Side note: looking forward to new forums! Comments are nice but forums are better, with the avatars and the logins and the zing zing zing!

  21. noyb says:

    This is the first Escape Pod I haven’t been able to listen to. I stopped after a minute or so. Axelrod and Blackwell’s podcasts are so beautifully produced that I’m surprised at how excessive the audio effects were in this reading.

  22. Michael King says:

    I didn’t mind the reverb — it was a nice change, and, as another poster mentioned, it lent an air of otherworldiness to the dramatization.

    And let me add my chorus to those who have already ranted and raved the latest Union Dues story: “More, please. And soon.”

    By the way, as a reformed radio talk show host, I’d be glad to voice a segment or three of Escape Pod, if you are in the need of voices…

  23. yak sox says:

    I liked this. Didn’t find the effects excessive. And I really liked the reading voices, particularly the woman’s.
    I guess that’s saying something about how I’m letting the mainstream media shape my opinion about what makes a listenable accent (ie no accent, or ‘universal’ accent) but at least I’m aware of it.

  24. Tom says:

    Just wanted to say, that the two separate voices really works best for dialog. There was never any confusion about who was talking, even when my daughter had a bit of a bad dream in the backseat and caused me to miss a little bit.

  25. Pierre Dacres says:

    Well, as much as I like to be open minded and relaxed with other authors perspectives, this one was just not worth it. The story was far to abstract to be meaningful, the affection between the characters was pasty and laboured, and I found the whole experience quite tiresome…even more so than the six mile run i do everymorning while listening to Escape Pod stories.

    UK listener – fantastic site

  26. YES! I love *War of the Worlds*, so this one really hit it off for me. Only one cringe-worthy moment: the final “Ulla”. I was so afraid he’d say the name three of four times, and the story would become cheesey. Luckily, this was not the case.

    Good stuff. Keep it coming!

  27. I was waiting for the cry from the WotW rock opera to kick in, personally. 😀

  28. Pete S says:

    War of the Worlds was my introduction to sci-fi at the ripe old age of about 8 or 9… so I loved this one.

    The reverb wasn’t too much for me, though I’ll admit I never did work out what the male’s name was until I read it here.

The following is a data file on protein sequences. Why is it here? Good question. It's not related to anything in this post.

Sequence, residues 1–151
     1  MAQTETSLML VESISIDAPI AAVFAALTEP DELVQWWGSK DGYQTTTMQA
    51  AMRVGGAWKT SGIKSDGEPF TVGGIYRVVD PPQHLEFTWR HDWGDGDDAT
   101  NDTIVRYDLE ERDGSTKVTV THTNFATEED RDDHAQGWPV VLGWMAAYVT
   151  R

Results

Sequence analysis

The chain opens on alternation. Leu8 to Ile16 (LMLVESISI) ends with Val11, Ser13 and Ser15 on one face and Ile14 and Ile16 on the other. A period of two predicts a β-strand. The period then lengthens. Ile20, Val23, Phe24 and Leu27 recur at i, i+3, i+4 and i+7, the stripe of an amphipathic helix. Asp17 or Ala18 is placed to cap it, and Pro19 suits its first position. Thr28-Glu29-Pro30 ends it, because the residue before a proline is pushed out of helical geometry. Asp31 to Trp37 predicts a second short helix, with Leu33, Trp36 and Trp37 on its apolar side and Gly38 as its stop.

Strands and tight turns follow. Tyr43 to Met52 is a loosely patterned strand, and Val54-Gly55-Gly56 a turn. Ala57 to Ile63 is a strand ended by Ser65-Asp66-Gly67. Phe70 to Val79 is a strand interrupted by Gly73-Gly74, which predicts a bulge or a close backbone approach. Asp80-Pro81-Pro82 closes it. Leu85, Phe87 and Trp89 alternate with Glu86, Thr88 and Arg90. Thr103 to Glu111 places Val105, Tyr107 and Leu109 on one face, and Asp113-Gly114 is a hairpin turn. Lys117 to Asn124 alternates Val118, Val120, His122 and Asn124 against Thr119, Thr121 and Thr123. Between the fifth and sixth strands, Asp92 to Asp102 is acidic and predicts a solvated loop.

Oh, and on the question of whether it was based more on the book or the movie…don’t forget, in the movie (the original movie I mean, not the Tom Cruise movie) they didn’t have tripods, remember? They had those hovering ships…

  29. Tiktok of Oz says:

    This was very well read–I love the voices, and the reverb did the part for me. I didn’t enjoy the story as much as I might have, largely because there was nothing new. I read (listen to) science fiction for the new idea; characterization is just a way to express the new thought.

    The idea that the enemy is human isn’t a new one to me; it’s the tragedy of war. We have to dehumanize to kill; we have to humanize to stop killing.

  30. Alright — hopefully Steve won’t mind this discussion (since the forums are broke): But which incarnation of WWoW did all you fellow geeks like the most? The original novel, the 50’s movie, or the newer Spielberg version?

  31. Dave T. says:

    Don’t forget the infamous Orson Welles broadcast!

  32. slic says:

    For me it goes in this order:
    the radio broadcast,
    50’s movie

    I disliked the newest movie – maybe because it was rushed, but there were too many “lucky” co-incidences to keep my disbelief off the ground.

  33. Alasdair says:

    Excellent:) I’m a sucker for this sort of story at the best of times, but this was unusually good. Smart, affecting, and slotting beautifully into an established story.
    Oh and regarding War of the Worlds, I first heard the story as Jeff Noon’s epic rock opera when I was about ten. I slept again around the time I was sixteen and still can’t look at the box without feeling a little twinge of fear.

  34. Susanna says:

    I’ll side with the people who enjoyed the reverb, I think. And add that this piece made me cry. Despite being very soft-hearted and having learned my lesson never to go to the movies without at least a full pack of handkerchiefs in my pocket, EP stories have – until now – never brought tears to my eyes. Not even “I look forward to remembering you” (that was a close call, though). Something about the futility expressed in this story, and the change in tone in their messages really got to me.

    Also, I’m a sucker for re-tellings and variations of well-known stories, so this suited me perfectly!

  35. Louis says: